As psychoanalysts know well, humiliations often result in the mobilization of narcissistic defenses against reality. These defenses are thick and unyielding and often bound by an impenetrable network of shame. Integrating psychoanalytic theory with cultural theories of affect we can cast the use of the fetus as a desperate and dangerous narcissistic defense by the cultural body that is using the fetal body to disavow annihilation anxieties.

While this defensive use of the fetus produces simplistic pasts and futures, it also necessarily shapes the always emergent present (Gentile, 2016a). First, it creates a present with racial and class-based social stratifications, as fetal protection laws are wielded almost exclusively against low-income women of color (see Paltrow 2013), while women of economic means are urged toward reproductive technologies. Within this cultural context, fetal protectionism plays with time to manufacture a particular, socially stratified hope-full future in the midst of growing uncertainty by rendering a present where certain bodies are vulnerable (the fetus) and others dangerous (the maternal body that is subjected to criminal justice and/or medicalized surveillance). This split enables not only a continual re-enactment of disavowed aggression toward the maternal and vulnerability toward the fetus, but also the production of the heroic rescuer who is empowered with certainty through the act of protecting the endangered fetus from the abject maternal body. Thus, vulnerable (fetal), dangerous (maternal), and heroic (male) bodies are produced through temporal defenses that function merely to reinforce misogyny under the cloak of fetal healthcare. Of course this narcissistic enactment of “protection” is based primarily on the culture’s needs for splitting and disavowal and not on the needs of the developing fetus. Once the fetus emerges as a subject, a baby, protections are withdrawn (Gentile, 2016 a,b).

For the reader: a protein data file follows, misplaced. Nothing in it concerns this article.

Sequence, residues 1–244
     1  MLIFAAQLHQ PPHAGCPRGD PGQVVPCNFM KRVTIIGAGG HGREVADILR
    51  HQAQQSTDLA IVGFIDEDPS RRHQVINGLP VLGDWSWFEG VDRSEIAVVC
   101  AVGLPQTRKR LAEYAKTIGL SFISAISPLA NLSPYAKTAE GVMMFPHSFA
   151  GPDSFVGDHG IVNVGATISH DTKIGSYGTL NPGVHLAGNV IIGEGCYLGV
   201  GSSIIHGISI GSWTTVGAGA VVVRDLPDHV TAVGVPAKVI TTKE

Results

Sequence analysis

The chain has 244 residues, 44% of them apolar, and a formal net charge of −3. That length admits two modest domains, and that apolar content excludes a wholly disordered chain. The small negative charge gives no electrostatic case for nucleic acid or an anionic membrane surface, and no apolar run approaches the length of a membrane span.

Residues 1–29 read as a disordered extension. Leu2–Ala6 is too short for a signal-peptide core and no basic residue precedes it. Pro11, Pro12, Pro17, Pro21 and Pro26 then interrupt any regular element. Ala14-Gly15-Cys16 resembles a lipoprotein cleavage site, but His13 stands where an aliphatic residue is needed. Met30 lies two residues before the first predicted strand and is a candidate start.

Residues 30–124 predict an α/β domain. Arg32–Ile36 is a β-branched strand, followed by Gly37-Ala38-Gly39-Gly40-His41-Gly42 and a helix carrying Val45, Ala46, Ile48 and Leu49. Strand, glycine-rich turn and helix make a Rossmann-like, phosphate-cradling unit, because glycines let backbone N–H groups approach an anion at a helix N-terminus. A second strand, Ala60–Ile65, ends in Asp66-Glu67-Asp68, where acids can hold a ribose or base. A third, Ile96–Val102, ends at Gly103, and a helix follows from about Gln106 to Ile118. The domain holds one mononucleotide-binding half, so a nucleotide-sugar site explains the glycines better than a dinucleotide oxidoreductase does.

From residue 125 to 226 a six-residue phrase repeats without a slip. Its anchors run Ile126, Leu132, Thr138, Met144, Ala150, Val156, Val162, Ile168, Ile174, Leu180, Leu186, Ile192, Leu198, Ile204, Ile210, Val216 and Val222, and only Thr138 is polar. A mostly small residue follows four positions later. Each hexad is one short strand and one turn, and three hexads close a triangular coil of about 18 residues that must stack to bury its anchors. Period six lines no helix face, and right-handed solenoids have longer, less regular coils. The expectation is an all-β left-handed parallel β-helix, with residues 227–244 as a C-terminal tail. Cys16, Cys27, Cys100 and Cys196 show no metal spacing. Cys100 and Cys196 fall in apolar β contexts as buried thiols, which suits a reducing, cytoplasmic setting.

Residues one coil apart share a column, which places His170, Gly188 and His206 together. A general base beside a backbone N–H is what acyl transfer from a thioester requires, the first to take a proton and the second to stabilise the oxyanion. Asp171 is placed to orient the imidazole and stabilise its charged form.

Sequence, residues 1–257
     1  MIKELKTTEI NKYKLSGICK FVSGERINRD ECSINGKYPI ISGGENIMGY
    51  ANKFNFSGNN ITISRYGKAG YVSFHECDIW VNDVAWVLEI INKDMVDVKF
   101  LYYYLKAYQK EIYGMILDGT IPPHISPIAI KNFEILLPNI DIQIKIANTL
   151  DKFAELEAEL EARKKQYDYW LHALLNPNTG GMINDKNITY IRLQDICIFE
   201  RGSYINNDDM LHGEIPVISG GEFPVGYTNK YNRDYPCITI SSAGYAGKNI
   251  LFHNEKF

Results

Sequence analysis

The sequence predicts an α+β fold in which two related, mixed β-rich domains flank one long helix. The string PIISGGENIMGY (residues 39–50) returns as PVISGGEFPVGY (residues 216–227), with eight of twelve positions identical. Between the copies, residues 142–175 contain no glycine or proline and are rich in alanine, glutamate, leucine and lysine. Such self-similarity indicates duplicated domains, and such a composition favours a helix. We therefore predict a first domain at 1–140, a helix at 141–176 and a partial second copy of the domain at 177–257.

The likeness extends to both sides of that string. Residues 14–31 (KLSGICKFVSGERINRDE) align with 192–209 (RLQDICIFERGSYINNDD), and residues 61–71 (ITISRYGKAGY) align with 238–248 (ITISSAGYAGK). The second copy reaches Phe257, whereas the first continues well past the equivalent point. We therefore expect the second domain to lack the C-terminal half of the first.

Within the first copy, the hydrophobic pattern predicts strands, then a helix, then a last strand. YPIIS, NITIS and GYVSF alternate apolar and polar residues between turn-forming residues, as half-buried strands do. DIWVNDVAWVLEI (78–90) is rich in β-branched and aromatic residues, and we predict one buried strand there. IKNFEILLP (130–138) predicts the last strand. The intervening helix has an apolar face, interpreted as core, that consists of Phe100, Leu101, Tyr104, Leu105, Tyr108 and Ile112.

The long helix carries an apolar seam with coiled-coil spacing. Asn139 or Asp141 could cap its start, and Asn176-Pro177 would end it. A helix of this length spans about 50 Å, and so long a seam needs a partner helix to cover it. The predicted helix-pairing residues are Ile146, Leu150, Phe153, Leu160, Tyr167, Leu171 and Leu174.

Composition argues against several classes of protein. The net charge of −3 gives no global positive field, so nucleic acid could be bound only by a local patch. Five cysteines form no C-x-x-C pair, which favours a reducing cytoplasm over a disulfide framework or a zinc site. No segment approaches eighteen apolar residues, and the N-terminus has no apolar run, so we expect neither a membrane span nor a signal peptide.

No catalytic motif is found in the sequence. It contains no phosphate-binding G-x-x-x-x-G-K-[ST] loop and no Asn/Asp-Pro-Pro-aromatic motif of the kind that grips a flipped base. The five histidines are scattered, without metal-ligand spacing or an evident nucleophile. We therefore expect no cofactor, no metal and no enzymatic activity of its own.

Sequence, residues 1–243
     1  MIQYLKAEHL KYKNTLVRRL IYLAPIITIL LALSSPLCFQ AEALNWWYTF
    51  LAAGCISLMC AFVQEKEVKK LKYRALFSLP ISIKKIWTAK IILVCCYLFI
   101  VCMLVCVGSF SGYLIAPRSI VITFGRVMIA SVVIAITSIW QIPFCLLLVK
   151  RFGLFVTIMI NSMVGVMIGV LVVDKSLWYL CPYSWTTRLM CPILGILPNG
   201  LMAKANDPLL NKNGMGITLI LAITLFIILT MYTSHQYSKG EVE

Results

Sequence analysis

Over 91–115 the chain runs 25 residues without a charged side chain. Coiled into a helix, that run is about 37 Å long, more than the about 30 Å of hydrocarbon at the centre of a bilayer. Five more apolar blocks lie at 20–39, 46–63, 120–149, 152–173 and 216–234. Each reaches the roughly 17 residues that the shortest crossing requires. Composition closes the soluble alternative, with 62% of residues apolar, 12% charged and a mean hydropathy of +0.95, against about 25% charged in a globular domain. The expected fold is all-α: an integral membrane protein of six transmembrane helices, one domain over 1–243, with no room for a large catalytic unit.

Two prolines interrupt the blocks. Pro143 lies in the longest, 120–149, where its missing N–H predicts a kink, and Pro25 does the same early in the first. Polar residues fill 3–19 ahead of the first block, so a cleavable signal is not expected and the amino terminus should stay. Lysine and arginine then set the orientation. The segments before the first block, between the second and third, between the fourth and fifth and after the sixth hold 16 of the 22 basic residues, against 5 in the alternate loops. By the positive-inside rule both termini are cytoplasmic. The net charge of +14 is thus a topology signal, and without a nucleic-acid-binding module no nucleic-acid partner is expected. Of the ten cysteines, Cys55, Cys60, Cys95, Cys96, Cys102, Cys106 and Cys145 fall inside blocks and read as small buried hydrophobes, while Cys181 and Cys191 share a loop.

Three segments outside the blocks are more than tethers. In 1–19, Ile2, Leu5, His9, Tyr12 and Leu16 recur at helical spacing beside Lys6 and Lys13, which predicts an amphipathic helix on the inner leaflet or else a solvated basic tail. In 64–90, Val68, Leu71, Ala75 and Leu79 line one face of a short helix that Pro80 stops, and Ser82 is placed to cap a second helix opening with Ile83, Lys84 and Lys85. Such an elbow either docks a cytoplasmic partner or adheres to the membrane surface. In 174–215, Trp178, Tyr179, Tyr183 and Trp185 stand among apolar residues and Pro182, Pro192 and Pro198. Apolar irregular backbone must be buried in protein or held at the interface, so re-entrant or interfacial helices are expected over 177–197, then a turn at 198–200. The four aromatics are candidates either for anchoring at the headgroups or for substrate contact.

So it is no surprise given the ways these narcissistic defenses of disavowal are operating at the social level that we now have multiple governmental bodies willing and able to follow the impulsive demands of a President, who is known for his habits of projection and disavowal. But this narcissism needs to be tied directly to the structures of heteronormative masculinity and patriarchy, where protections are now given only in the most macho of ways – increased military spending and fetal “protection.” But this new level of fetal protection no longer even includes the pretence of prenatal care – care being a “weak” and “feminine” quality and, as Republican Congressperson Shimkus pointed out, men should not be required to pay for prenatal care. (Needless to say he is not even considering the position of a pregnant transgender man) Instead, this new form of prenatal care operates almost exclusively through criminalizing maternal behaviors. This takes the previous use of “prenatal care guidelines” for controlling female identified bodies (see Gentile, 2013) to a new height. This is a patriarchal win-win, again, as all vulnerability is contained in the fetal body, all danger contained in the maternal body, while the governmental bodies emerge as the strong, heroic rescuers.

With perfect timing, the Sunday March 12, New York Times, published an essay by Margaret Atwood describing the difficulties she faced writing her book The Handmaid’s Tale, where she had to convey to readers a United States post-coup, when democracy had been replaced by a theocratic dictatorship. In the book women are split into groups based on the reproductive labor they will provide. It appears we are careening toward this dystopia faster than Atwood ever imagined.

References for The Fetal Fetish